Spamalot Review: Brisbane

Frank Woodley, Jon English, Julie Anthony and Simon Gallaher. Frank Woodley, Jon English, Julie Anthony and Simon Gallaher.

What if I told you the original Broadway run of Spamalot was seen by more than 2,000,000 people and your mother was a hamster?

Monty Python's multi-award winning Spamalot – a theatrical re-work of a conglomeration of their own classic screenplays – opened in Brisbane's QPAC last night.

Eric Idle's script and lyrics are modern-day comic genius – no one has bested the troupe's contribution to comedy in fifty years. The listed genre of musical comedy would be more aptly termed 'silly buggers with rippingly good songs'. Think panto meets Python.

No fewer than four top-drawer Australians share billing credits. Jon English and Simon Gallaher (King Arthur and Patsy respectively) renewed their on-stage partnership which dates back to Pirates Of Penzance. Both clearly relish the roles and their familiar-to-each other interaction comes off very naturally, which must make that aspect a dream to direct.

No lesser lead than Julie Anthony has been coaxed out of retirement — not that you'd ever guess — to play Lady Of The Lake. Like her colleagues, whose bios don't list comedy at the top of their credits, she delivered all the timing, winks, audience nods with aplomb, but the Brisbane audience was luckiest when she shifted seamlessly from debauched medieval sing-a-long to world-class chanteuse in a heartbeat.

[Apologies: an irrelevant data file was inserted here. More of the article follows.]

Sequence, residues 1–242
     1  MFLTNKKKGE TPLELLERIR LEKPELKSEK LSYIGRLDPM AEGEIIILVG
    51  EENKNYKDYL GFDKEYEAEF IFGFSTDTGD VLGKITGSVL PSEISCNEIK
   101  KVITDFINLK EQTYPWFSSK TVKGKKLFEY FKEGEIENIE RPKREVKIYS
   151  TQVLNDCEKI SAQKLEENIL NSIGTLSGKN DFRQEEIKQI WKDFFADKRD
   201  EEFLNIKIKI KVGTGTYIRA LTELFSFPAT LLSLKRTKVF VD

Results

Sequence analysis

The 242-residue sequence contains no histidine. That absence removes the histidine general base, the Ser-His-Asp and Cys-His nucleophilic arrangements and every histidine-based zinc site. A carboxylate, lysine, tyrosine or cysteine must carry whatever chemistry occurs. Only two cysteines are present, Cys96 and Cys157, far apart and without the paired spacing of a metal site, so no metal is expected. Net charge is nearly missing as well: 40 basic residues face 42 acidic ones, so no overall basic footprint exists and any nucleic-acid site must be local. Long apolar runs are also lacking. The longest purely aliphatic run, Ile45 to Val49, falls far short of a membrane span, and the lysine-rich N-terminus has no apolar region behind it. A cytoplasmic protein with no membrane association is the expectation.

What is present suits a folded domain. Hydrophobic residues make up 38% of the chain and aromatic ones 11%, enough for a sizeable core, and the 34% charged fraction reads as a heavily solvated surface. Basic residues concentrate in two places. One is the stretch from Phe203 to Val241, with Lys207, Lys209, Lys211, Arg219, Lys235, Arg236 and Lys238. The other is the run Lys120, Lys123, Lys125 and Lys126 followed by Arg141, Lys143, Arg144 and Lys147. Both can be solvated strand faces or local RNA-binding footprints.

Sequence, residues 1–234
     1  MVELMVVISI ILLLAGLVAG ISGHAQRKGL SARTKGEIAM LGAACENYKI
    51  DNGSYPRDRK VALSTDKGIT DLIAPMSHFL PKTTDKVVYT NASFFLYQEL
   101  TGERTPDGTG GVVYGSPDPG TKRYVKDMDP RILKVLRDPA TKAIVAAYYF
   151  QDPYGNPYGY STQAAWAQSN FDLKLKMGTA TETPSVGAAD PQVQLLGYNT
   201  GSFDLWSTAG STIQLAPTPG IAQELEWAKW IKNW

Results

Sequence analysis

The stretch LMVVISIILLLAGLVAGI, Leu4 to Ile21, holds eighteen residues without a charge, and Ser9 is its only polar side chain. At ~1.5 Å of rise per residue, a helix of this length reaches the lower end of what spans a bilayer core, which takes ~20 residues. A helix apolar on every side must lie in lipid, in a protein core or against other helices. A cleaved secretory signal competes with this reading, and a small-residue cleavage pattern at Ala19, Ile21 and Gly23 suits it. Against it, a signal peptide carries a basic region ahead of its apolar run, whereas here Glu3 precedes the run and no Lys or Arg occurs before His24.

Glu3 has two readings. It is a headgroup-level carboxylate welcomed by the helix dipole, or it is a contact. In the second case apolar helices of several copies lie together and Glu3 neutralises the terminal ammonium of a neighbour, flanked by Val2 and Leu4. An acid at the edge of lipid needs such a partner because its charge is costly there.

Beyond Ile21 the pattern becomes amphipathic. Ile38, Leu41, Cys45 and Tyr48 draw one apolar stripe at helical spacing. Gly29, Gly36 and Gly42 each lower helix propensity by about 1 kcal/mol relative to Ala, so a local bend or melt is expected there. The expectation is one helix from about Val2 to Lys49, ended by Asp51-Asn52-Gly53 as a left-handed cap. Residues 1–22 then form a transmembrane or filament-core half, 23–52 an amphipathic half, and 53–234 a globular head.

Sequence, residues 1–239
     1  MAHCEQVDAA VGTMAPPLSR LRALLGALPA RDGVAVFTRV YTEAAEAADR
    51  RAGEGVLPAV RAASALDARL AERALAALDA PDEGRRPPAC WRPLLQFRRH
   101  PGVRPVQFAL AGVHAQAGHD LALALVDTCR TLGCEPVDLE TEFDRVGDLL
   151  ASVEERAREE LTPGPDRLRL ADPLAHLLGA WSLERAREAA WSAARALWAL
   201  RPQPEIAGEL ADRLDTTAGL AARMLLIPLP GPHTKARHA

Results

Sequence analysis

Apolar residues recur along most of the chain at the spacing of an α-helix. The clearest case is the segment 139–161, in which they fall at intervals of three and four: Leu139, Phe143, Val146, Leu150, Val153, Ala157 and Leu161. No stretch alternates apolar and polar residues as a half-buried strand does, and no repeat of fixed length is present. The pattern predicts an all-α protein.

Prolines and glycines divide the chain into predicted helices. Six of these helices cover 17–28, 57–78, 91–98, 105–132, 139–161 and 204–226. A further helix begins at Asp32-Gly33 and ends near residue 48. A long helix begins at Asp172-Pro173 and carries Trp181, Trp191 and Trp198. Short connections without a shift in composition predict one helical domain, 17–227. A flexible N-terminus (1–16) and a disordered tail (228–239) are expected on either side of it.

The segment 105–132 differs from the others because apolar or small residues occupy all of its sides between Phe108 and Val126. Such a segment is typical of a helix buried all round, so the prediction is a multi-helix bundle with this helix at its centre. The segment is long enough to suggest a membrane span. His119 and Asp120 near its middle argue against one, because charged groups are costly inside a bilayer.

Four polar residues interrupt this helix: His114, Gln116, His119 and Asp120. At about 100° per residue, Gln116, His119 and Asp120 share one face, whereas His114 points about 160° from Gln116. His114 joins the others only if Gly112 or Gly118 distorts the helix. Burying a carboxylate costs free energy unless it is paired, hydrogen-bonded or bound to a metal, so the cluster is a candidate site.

And then there's Frank Woodley. The only comedian on stage played the very wet Sir Robin, the very rude French Taunter and the very verbose Brother Maynard. Woodley is a first-rate comic in his own right and with the advantage of Idle's script, the audience was regularly sent into spasms. Ad-libbing and facial twitches all under a Vic Beckham bob hairdo were outrageously funny. I can't imagine anyone more suited to this role of Robin.

There was to be no carrying of the less-seasoned members of the cast. Steve Hirst, Chris Kellett and Dash Kruck all owned their roles with the flamboyance required of knights and townsfolk playing silly sods — a personal highlight was Kruck's reprise of his sad-face — from A Tribute Of Sorts (Google it, there's an excellent QTC promo clip) — for the forlorn, entrapped and sexually-confused Prince Herbert.

Spamalot at QPAC is the vision of Harvest Rain's Tim O'Connor. He has an uncanny eye for filling a stage to bursting with colour, movement and song — but never to excess. His direction of cast and ensemble was spot on. No surprises then, that at the after-show function Woodley took trouble to take to the podium and acknowledge O'Connor's single-minded, professional direction – one can imagine no easy task considering the talent and script taking care of themselves.

Of course there was a standing ovation from the packed 1,600-strong audience. You'd expect nothing else for a cast of this calibre, fish slapping, tortured identities, ridiculous lyrics — and a very, very insulting Frenchman.


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